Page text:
Iditarod history

Iditarod celebrates a musher’s memory not the serum run

The Iditarod Trail Committee promotes the Iditarod as a commemoration of the 1925 Anchorage to Nome diphtheria serum run. However, the race actually celebrates the memory of musher Leonhard Seppala. The Iditarod was patterned after the All-Alaskan Sweepstakes which were races held in the early 1900s. The Iditarod was not patterned after the serum run.

The idea for the Iditarod started with Dorothy Page.

“(In 1967) run in two heats over a 25-mile course, the race was officially named the Iditarod Trail Seppala Memorial Race, in honor of mushing legend Leonhard Seppala.”

“Over the years, the Iditarod Trail Sled Dog Race’s origins have been closely linked with the ‘great mercy race’ to Nome. Most people believe the Iditarod was established to honor drivers and dogs who carried the diphtheria serum, a notion the media have perpetuated. In reality, ‘Seppala was picked to represent all the mushers,’ Page stressed. ‘He died in 1967 and we thought it was appropriate to name the race in his honor. But it could just as easily have been named after Scotty Allan. The race was patterned after the Sweepstakes races, not the serum run.’”

- Dorothy Page, co-founder of the Iditarod, discussing the origins of the race
- Sherwonit, Bill. Iditarod, Seattle: Alaska Northwest Books, 1991

(Bill Sherwonit reported on sled dog racing for over ten years for the Anchorage Times. He wrote articles for numerous publications including National Wildlife magazine and the Anchorage Daily News.)

Joe Redington, Sr. later expanded the original 1967 event making it longer and more lucrative.

Half of the 1925 serum run was done by train. Dogs ran in relays for the remaining 674 miles, with no dog running more than 100 miles. In the Iditarod, dogs run 1,150 miles over terrain far more grueling than the terrain found on the serum run route.

Iditarod dog in dog truck before start of race. Photo attributed to Travis S on flickr, March 7, 2009

Iditarod dog in dog truck before start of race.
Photo attributed to Travis S on flickr, March 7, 2009

Iditarod does not honor history

“With reference to Thomas Thuneman’s letter, it needs to be said that the Iditarod Race does not honor history (“Iditarod dogs love running, and race reminds us of history,” May 14). The serum run was done in relays and not a grueling, money-oriented 1,100-mile race. Change the direction of the Iditarod race to honor “true history” and there will be more support and far less criticism.”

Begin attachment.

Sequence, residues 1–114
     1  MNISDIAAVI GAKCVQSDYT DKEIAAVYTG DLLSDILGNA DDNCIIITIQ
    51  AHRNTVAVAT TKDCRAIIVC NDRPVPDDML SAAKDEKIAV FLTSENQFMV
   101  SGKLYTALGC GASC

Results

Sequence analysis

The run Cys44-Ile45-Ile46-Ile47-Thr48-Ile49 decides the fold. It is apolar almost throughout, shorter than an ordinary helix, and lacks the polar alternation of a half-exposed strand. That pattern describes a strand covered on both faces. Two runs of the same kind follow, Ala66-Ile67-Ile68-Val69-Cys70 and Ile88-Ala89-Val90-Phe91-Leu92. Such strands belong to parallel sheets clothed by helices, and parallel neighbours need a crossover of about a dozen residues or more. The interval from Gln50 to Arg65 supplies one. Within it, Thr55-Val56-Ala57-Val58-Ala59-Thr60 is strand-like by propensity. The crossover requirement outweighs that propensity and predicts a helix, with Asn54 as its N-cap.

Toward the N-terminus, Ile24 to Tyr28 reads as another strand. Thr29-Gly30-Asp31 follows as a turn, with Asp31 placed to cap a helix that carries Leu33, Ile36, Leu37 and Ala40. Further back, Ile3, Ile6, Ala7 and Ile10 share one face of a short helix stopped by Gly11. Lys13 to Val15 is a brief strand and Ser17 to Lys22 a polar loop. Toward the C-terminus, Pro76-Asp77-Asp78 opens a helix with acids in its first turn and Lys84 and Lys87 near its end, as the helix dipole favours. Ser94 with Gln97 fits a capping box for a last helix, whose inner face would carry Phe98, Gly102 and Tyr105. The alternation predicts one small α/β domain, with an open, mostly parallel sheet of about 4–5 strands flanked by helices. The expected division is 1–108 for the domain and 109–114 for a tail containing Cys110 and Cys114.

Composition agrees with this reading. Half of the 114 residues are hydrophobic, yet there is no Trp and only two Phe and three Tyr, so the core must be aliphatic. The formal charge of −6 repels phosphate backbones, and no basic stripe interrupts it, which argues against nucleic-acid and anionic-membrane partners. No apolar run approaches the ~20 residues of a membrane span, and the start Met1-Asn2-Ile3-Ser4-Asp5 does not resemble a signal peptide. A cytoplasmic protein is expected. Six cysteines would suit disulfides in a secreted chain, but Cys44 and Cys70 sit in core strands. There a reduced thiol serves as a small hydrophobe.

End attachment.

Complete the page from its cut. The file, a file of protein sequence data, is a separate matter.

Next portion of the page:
—- Ethel D. Christensen, Director Alaska SPCA, letter to the editor, Anchorage Daily News, May 22, 2005

Rob Moore: “Ethel, the Iditarod is painted as this awesome adventure of man and animal against nature. And the Iditarod website states, ‘As each mile is covered a tribute to Alaska’s past is issued.’ Is this race a tribute to Alaska’s past?”

Ethel Christensen: “Absolutely not. They try to say they’re commemorating the serum run. The serum run was 674 miles from Nenana to Nome and it was done in relays by 20 different men and the longest haul of the serum was 91 or 92 miles and that was Leonhard Seppala. Now he did not deliver it to Nome. He went, I think, to Shatoolik to Golovin, which was probably the worst part of the trail. But it arrived in Anchorage by boat and to Seward and then fortunately the railroad had been built in 1917 to Nenana. And It went by railroad to Nenana. So, it does definitely, definitely not commemorate history.”

- Ethel Christensen is the founder and former director of the Alaska SPCA.
- Rob Moore hosts Animal Voices, a radio show in Toronto, Canada.
- This interview was done on February 28, 2006

Krabloonik dog with open sores on his snout. Krabloonik is owned by Iditarod musher Dan MacEachen. Photo attributed to the Colorado Department of Agriculture.

Krabloonik dog with open sores on his snout. Krabloonik is owned by Iditarod musher Dan MacEachen. Photo attributed to the Colorado Department of Agriculture.